O’Nions, E., Tick, B., Rijsdijk, F., Happé, F., Plomin, R., Ronald, A., & Viding, E. (2015). Examining the genetic and environmental associations between autistic social and communication deficits and psychopathic callous-unemotional traits. PLoS ONE, 10(9), e0134331.

Scott, F., Baron-Cohen, S., Bolton, P., & Brayne, C. (2002). The CAST (Childhood Asperger Syndrome Test): Preliminary development of UK screen for mainstream primary-school children. Autism, 6(1), 9-31.

Taylor, M. J., Robinson, E. B., Happé, F., Bolton, P., Freeman, D., & Ronald, A. (2015). A longitudinal twin study of the association between childhood autistic traits and psychotic experiences in adolescence. Molecular Autism, 6, 44.

Williams, J., Scott, F., Stott, C., Allison, C., Bolton, P., Baron-Cohen, S. & Brayne, C. (2005). The CAST (Childhood Asperger Syndrome Test): Test accuracy. Autism, 9(1), 45-68.

Protocol ID:

120903

Variables:

Export Variables
Variable NameVariable IDVariable DescriptionVersiondbGaP Mapping
PX120903_Join_GamesPX120903010000Does s/he join in playing games with other children easily?4N/A
PX120903_Chat_SpontaneouslyPX120903020000Does s/he come up to you spontaneously for a chat?4N/A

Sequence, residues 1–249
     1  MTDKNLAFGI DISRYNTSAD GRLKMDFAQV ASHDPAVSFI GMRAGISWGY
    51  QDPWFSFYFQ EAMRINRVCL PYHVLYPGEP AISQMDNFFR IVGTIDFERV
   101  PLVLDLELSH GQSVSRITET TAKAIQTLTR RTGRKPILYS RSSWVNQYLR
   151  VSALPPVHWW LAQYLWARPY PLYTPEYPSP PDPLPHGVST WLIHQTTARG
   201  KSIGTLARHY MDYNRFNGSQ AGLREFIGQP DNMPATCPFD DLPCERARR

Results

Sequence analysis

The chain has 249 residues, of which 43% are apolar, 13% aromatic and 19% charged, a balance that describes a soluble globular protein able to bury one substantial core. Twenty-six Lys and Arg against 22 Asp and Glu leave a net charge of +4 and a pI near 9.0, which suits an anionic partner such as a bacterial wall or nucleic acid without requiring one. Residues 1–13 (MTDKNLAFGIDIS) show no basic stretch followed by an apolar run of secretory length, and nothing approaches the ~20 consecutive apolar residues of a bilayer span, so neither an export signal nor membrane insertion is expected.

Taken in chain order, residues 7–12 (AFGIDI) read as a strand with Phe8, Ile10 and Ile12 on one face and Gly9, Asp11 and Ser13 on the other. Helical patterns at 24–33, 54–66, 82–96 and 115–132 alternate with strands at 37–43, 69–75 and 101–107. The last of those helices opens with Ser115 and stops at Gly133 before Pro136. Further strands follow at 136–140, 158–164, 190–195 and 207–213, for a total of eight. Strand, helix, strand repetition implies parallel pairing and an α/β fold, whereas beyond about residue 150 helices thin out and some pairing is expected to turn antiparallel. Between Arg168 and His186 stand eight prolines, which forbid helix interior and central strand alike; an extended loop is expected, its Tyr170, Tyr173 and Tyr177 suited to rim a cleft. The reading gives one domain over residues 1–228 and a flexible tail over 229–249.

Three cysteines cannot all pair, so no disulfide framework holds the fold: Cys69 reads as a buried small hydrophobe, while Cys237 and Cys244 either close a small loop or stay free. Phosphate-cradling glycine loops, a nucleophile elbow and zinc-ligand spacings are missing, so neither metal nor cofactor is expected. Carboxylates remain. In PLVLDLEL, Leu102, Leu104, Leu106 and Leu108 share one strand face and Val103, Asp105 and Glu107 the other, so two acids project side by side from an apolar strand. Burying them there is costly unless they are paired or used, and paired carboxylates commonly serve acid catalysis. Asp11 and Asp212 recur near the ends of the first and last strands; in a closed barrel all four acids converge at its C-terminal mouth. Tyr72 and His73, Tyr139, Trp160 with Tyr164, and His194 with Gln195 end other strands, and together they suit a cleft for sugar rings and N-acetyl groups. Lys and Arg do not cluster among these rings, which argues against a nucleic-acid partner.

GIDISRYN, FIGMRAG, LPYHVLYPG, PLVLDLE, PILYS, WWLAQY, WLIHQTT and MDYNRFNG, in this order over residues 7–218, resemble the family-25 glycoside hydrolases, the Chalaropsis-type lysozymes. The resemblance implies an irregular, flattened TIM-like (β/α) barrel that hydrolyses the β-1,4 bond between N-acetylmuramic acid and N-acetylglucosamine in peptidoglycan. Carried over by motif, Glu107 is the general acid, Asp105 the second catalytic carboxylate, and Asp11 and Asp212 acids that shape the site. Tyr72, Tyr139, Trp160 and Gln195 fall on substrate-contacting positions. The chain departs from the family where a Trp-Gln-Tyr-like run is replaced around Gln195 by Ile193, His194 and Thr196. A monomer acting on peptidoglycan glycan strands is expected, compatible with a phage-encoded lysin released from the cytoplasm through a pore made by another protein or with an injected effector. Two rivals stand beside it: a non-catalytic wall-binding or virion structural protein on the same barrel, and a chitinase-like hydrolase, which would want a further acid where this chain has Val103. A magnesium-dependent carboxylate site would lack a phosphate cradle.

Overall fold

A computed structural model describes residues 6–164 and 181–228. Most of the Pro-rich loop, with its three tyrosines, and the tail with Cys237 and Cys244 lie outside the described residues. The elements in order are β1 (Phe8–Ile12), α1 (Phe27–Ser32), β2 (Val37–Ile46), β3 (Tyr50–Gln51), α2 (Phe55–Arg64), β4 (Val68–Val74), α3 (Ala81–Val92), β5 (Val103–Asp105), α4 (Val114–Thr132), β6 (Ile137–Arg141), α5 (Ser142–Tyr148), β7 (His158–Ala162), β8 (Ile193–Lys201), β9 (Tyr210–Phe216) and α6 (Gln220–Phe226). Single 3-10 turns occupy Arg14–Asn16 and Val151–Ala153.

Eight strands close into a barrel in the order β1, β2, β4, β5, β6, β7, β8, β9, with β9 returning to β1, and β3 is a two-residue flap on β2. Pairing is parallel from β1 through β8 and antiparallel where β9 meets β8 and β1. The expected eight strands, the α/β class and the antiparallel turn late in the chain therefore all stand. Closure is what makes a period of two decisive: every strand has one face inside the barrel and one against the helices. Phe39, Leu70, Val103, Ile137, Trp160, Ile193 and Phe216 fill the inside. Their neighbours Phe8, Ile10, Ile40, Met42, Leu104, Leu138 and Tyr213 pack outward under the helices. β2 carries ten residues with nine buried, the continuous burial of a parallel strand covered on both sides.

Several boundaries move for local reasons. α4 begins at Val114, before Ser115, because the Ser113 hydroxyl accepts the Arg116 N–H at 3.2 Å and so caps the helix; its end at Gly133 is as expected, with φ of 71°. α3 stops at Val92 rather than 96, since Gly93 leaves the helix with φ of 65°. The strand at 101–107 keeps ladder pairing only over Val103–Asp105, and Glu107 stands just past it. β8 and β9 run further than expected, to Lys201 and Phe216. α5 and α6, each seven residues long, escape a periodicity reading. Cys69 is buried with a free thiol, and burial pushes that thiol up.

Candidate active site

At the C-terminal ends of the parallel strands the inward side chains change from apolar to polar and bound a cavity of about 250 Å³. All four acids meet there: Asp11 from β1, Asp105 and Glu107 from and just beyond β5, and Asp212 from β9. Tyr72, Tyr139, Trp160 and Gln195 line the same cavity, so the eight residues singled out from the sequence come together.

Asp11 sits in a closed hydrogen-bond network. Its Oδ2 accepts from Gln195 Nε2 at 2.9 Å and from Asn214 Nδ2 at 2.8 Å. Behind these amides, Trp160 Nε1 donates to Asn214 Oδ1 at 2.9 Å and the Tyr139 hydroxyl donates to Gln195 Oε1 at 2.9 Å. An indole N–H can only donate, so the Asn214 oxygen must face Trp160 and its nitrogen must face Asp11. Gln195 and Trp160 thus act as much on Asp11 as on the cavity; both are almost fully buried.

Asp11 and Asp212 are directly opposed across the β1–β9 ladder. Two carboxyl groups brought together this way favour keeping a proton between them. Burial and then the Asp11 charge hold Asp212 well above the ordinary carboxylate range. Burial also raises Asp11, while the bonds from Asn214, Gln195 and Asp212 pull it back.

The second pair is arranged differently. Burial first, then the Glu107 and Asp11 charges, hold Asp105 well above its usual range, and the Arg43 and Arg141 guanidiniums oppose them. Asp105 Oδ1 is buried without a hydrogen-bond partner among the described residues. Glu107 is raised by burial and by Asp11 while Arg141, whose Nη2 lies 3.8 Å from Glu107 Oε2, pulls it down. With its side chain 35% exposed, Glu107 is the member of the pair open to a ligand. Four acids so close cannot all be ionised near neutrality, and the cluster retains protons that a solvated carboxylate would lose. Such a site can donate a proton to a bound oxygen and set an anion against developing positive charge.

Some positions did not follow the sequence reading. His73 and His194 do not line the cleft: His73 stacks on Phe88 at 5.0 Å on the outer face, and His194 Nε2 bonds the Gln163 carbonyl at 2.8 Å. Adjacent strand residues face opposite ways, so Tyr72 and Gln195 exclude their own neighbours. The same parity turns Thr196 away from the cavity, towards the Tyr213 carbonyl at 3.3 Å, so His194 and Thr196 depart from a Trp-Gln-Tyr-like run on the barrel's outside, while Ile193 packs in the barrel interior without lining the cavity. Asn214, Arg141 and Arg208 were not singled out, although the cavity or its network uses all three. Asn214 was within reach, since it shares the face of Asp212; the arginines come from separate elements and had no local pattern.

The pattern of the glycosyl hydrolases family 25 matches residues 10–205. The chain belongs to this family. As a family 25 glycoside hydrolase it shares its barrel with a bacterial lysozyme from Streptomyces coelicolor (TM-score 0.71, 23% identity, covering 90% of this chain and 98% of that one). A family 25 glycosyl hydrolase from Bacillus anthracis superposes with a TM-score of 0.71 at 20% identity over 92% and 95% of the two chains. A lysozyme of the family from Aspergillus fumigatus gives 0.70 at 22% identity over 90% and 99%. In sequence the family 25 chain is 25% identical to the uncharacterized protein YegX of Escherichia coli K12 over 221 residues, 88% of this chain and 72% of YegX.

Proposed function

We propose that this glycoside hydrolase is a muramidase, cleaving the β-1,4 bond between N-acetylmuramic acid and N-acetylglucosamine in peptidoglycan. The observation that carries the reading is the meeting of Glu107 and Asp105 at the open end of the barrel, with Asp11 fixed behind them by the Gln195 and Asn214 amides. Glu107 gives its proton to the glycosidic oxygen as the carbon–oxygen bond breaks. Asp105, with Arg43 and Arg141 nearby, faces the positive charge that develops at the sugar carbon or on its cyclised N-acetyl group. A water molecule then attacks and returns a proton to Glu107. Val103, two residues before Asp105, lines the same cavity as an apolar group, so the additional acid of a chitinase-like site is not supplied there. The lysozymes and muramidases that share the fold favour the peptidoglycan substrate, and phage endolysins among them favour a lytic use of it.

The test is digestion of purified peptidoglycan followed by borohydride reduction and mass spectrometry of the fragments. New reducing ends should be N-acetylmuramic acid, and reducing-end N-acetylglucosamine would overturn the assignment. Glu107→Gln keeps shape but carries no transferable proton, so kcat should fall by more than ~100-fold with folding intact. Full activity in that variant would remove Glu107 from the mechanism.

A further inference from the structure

PX120903_Speaking_By_TwoPX120903030000Was s/he speaking by 2 years old?4N/A
PX120903_Enjoy_SportsPX120903040000Does s/he enjoy sports?4N/A
PX120903_Important_To_Fit_InPX120903050000Is it important to him/her to fit in with the peer group?4N/A
PX120903_Notice_DetailsPX120903060000Does s/he appear to notice unusual details that others miss?4N/A
PX120903_Take_Things_LiterallyPX120903070000Does s/he tend to take things literally?4N/A
PX120903_Pretending_At_Age_ThreePX120903080000When s/he was 3 years old, did s/he spend a lot of time pretending (e.g., play-acting being a superhero, or holding teddy's tea parties)?4N/A
PX120903_Enjoy_RepetitionPX120903090000Does s/he like to do things over and over again, in the same way all the time?4N/A
PX120903_Easy_Interact_Other_ChildrenPX120903100000Does s/he find it easy to interact with other children?4N/A